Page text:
Wednesday, December 30, 2009

The Stockdale Paradox, or Why Julie Is Happier This Holiday Season

Every summer at E.L. Haynes (the school where I work), we have two weeks of staff professional development. Sometime over the course of those two weeks, one of my fantastic colleagues presents the staff with some interesting or inspiring quotes and asks that we "think, pair and share" about what those quotes mean. After reading Jim Collins' book Good to Great, The Stockdale Paradox became one of those quotes for discussion.

Vice Admiral James Stockdale was a highly-decorated officer in the U.S. Navy, who served during the Vietnam War. In 1965, he was captured and held as a prisoner of war, beaten and tortured for 8 long years. The fact that he survived is not just exemplary of his strength of character, but also of his mindset, for which the Stockdale Paradox is named.

You see, as Stockdale says in conversations with Collins, "I never lost faith in the end of the story. I never doubted not only that I would get out, but also that I would prevail in the end and turn the experience into the defining moment of my life, which, in retrospect, I would not trade." Pretty ballsy stuff, eh? More than that, when asked about the many other Americans held captive in the same prison who did not make it out, Stockdale said, "Oh, that's easy -- the optimists. They were the ones who said, 'We're going to be out by Christmas.' And Christmas would come and Christmas would go. Then they'd say, 'We're going to be out by Easter.' And Easter would come and Easter would go. And then Thanksgiving, and then it would be Christmas again. And they died of a broken heart."

This important lesson shows us that we need to continue to have faith that we will prevail while confronting the brutal facts of reality. It's this duality that Collins coined the Stockdale Paradox.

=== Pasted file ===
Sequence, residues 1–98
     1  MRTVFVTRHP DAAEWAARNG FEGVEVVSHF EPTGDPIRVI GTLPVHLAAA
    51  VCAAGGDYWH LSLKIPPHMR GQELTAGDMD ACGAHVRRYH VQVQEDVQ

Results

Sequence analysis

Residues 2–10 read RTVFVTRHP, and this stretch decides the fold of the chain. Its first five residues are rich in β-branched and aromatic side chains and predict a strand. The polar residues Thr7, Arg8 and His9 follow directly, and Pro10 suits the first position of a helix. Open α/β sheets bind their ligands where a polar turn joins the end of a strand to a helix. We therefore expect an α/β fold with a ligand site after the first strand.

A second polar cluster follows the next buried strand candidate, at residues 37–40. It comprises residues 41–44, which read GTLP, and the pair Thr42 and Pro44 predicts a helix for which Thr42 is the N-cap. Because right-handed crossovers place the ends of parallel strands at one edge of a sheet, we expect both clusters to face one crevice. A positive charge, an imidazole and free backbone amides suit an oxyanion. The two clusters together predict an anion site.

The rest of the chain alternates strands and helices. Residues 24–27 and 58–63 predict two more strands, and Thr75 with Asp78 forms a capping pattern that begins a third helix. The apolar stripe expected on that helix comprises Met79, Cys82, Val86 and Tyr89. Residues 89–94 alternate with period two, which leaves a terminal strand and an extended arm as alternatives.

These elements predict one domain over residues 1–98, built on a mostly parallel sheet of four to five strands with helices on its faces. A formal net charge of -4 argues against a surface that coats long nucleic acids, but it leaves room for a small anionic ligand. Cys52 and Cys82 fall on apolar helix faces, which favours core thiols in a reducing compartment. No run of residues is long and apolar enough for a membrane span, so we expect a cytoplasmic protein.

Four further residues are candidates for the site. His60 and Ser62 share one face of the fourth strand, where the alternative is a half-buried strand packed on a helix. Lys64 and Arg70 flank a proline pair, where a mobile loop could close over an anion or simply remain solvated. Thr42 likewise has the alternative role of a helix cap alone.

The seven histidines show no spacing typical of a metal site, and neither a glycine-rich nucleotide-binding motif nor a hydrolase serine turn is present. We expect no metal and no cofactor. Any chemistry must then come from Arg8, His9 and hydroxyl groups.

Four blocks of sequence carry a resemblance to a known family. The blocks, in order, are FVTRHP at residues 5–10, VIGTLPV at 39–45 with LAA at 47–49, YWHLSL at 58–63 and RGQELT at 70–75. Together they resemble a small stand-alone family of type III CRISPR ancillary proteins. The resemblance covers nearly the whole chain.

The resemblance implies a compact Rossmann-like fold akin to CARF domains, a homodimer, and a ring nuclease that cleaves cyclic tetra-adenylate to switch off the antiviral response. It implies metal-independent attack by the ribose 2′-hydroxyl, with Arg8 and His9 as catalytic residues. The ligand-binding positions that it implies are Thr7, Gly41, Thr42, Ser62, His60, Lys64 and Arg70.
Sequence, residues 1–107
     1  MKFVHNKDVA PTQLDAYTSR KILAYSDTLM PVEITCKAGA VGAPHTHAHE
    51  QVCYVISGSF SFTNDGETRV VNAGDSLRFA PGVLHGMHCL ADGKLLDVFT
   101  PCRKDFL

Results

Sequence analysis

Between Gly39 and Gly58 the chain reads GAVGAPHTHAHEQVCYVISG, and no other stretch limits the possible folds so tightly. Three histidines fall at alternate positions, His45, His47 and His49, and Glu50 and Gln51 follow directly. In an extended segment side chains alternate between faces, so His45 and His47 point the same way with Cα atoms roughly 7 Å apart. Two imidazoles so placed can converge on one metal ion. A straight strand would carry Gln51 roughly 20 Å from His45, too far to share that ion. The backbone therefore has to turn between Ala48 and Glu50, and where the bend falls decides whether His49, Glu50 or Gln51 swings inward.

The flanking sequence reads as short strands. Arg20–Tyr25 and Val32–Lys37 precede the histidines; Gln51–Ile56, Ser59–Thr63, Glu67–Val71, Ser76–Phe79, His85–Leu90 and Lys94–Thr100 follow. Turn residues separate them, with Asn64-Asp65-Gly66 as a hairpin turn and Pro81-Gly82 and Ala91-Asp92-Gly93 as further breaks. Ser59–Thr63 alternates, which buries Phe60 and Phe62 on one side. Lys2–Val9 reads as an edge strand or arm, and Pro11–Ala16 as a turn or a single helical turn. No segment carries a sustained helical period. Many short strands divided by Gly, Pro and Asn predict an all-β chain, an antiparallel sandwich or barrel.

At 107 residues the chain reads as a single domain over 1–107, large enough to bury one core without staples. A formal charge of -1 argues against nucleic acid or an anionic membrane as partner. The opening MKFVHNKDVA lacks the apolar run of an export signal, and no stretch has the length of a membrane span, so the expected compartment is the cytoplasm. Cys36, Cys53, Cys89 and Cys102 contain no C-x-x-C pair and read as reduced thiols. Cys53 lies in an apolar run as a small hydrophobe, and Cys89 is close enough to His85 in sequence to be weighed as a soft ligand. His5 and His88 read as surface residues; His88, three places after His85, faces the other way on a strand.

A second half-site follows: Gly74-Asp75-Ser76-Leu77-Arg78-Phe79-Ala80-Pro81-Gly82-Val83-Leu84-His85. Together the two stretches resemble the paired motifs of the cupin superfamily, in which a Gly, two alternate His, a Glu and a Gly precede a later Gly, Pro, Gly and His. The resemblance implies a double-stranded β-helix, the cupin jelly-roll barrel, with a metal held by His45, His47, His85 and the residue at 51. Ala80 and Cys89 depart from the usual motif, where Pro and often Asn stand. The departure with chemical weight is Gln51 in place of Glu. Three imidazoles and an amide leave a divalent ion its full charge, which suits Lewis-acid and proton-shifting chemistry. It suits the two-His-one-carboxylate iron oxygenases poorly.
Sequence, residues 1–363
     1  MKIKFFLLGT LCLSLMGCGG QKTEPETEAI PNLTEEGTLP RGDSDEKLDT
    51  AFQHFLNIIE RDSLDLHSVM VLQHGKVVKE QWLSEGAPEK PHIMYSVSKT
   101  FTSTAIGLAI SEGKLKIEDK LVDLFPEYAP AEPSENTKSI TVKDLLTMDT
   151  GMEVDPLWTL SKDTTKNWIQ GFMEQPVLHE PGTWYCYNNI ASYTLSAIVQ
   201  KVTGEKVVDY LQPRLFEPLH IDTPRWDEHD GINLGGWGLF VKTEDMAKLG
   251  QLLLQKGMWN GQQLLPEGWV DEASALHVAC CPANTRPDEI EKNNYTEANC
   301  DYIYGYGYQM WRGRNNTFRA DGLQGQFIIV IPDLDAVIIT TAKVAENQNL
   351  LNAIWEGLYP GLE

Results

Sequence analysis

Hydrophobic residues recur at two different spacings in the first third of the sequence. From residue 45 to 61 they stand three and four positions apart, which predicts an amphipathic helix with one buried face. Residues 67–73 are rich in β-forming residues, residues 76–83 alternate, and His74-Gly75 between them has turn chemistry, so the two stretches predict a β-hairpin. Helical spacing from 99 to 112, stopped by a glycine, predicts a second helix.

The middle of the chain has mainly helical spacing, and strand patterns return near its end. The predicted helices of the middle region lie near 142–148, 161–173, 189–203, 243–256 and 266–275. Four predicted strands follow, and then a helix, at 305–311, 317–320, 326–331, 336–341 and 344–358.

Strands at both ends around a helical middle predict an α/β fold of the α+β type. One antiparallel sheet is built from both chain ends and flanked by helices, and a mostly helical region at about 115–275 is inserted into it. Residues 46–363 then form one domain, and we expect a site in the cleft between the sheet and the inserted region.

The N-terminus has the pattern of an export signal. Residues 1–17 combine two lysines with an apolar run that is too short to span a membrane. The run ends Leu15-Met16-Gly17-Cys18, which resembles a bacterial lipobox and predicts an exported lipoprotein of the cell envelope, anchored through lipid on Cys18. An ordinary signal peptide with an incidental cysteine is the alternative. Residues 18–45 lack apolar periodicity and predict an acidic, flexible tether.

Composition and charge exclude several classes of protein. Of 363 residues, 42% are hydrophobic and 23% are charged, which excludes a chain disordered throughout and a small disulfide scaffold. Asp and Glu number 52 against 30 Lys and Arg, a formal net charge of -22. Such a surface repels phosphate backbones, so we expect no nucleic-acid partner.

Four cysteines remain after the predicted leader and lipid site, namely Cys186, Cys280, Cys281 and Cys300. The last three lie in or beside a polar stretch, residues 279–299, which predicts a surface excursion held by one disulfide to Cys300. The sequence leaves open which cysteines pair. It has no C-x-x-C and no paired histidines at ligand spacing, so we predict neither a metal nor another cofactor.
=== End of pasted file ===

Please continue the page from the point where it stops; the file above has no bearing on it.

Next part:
So what the heck does this have to do with anything in my life, and more importantly, why I'm having a much better holiday season this year? Easy. Because I have been that optimist -- every year, I'd think, "I'll have a baby by Christmas." And Christmas would come and go. And then I'd think, "I'll have a baby by my birthday." And my birthday would come and go.

I had to confront some pretty brutal facts of my own reality -- namely that no matter how many birthdays or Christmases came and went, it was unlikely that I would ever carry a baby to term. And, maybe hardest of all, that despite so many tests, we might never know why. So we moved onto adoption and I once again have faith that we will prevail, while confronting new challenges in the reality of what it means to be an adoptive family. Not brutal, certainly, but challenges to my assumptions and views of the world.

And, harkening back to Stockdale's first observation, I have no doubt that what we've been through was and will always be a defining moment in my life.


  1. Just beautiful. Thanks for sharing!

  2. I should be able to write this well! Well said honey.

  3. What a beautiful post Julie. The path may be different than you expected but the destination will still be just as wonderful when you get there.

  4. Yes, it's a hard unpredictable road but there is an end, one just doesn't necessarily know exactly when. We did international adoption -which is supposed to have "timelines" and yet it threw us for a loop too. It's hard not to make certain plans and to think when things will happen but it's also nice to know that it will. It just does and when it happens all the worries, the frustration, and the sorrows will fade into a distant memory. I didn't think I would rebound from our dossier being delayed while everyone else in our group went on ahead and got their referrals, and I shut down. But then out of nowhere (even our agency didn't get prior notice like they usually do) we got placed a little over a month after everyone else. And well, the rest is history.